Teasing out the fibres

Written by Dr Frankie Phillips RD

What is the big deal about fibre?

Fibre is a type of carbohydrate that isn’t broken down in the gut, so it reaches the large intestine (colon) undigested. Research has revealed that eating enough fibre can help to keep the digestive system healthy, but may also help to reduce risk of cardiovascular disease, type 2 diabetes and some cancers, including colon cancer by up to 30%.1

Current recommendations are for adults to eat 30g fibre per day, but surveys including the National Diet and Nutrition Survey reveal that most people eat far less fibre than they should – only about 20g per day.

Fruits, vegetables, nuts, pulses and wholegrains all contain dietary fibre, and it’s now clear that mycoprotein, a sustainably produced, protein-rich, whole food source derived from the fermentation of fungus is also a good source of fibre.

Fill up on fibre facts

Fibre is in fact an umbrella term – there are several types of fibre, found in different amounts in different foods and exerting a range of actions on the body.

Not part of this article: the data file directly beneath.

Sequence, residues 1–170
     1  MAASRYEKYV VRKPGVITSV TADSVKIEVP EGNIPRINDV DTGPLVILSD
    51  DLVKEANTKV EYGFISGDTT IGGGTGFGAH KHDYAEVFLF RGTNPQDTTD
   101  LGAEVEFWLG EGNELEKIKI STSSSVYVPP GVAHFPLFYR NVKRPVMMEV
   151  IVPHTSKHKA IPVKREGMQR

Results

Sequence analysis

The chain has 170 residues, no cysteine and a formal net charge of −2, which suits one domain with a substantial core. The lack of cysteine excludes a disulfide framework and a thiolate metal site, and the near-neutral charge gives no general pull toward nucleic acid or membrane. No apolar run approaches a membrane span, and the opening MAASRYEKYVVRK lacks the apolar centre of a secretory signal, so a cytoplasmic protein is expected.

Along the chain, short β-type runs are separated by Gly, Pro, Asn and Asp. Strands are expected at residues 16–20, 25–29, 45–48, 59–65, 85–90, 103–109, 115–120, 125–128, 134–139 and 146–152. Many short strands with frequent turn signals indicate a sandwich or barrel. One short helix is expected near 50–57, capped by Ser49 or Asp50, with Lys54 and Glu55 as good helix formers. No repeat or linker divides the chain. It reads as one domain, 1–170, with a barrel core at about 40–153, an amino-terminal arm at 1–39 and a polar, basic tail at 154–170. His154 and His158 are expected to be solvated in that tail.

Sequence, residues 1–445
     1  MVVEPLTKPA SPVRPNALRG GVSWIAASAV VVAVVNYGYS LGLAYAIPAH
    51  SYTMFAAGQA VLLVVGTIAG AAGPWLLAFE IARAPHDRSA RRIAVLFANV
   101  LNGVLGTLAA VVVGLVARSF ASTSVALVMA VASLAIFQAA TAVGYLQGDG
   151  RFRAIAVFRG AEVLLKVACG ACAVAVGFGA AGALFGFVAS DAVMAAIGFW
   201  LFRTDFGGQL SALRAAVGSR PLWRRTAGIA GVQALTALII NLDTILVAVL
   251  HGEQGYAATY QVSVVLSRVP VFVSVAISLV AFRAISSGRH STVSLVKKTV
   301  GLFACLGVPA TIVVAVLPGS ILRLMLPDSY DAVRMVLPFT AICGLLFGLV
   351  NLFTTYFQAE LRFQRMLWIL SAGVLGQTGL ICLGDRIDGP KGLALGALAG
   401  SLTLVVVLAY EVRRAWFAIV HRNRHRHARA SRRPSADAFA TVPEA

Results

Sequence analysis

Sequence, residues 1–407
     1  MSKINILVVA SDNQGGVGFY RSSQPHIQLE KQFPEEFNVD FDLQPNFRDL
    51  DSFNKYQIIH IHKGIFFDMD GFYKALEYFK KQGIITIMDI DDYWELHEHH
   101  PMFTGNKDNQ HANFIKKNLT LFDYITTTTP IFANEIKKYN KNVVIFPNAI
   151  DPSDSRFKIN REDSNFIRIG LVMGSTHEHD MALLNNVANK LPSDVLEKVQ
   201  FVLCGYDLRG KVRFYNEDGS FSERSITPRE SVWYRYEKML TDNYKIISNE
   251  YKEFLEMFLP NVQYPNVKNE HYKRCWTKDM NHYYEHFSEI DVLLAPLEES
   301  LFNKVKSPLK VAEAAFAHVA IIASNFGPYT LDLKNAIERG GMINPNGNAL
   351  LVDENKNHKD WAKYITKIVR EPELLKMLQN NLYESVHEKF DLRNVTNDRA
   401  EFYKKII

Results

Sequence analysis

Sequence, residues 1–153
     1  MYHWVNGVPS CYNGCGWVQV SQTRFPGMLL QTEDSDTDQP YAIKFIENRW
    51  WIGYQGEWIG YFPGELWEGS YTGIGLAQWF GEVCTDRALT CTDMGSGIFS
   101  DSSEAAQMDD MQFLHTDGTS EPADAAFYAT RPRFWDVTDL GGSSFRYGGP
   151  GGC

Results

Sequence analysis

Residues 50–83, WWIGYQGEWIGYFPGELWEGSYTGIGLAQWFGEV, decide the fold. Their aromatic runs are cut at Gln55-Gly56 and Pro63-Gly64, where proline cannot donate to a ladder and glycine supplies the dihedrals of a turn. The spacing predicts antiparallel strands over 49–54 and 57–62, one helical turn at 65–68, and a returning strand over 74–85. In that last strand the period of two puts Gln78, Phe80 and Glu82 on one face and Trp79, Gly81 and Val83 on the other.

In simple terms….
Insoluble fibre adds bulk to stools and promotes the movement of material through the gut. It is found in wholewheat flour, wheat bran, nuts, beans and vegetables such as cauliflower, potatoes with skins and broccoli.
Soluble fibre ‘dissolves’ in water, forming a viscous gel-like substance. It can impact blood cholesterol and glucose levels. Oats, barley, peas, beans, apples, citrus fruits and carrots all provide soluble fibre.

But…dietary fibres can also be further classified as either polysaccharides (non-starch polysaccharides (NSP) and resistant starches) or oligosaccharides including fructo-oligosaccharides (FOS) and galacto-oligosaccharides (GOS) found in onions, garlic, chicory, beans and pulses.

NSP can be further classified as cellulose, which is found in wholegrains, vegetables, fruits, seeds, nuts, bran for example.

Other types of fibre include chitin (found in Quorn mycoprotein and fungi), hemicellulose, lignans (polyphenols), beta-glucans (found in oats/barley/mycoprotein), pectins, gums and mucilages (used in gelling agents, thickeners, stabilisers and emulsifying agents), as well as resistant starches (found in cooled potatoes, bananas, pulses, seeds).